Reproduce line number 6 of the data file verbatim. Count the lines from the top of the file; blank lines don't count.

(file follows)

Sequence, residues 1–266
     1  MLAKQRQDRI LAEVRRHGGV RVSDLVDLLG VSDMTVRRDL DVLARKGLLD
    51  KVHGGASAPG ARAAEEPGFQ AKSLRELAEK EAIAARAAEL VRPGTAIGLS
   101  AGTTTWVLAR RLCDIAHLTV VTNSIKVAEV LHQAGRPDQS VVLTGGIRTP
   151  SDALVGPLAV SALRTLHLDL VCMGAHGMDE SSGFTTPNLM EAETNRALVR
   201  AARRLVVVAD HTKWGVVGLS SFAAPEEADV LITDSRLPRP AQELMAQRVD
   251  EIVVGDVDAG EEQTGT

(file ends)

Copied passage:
   201  AARRLVVVAD HTKWGVVGLS SFAAPEEADV LITDSRLPRP AQELMAQRVD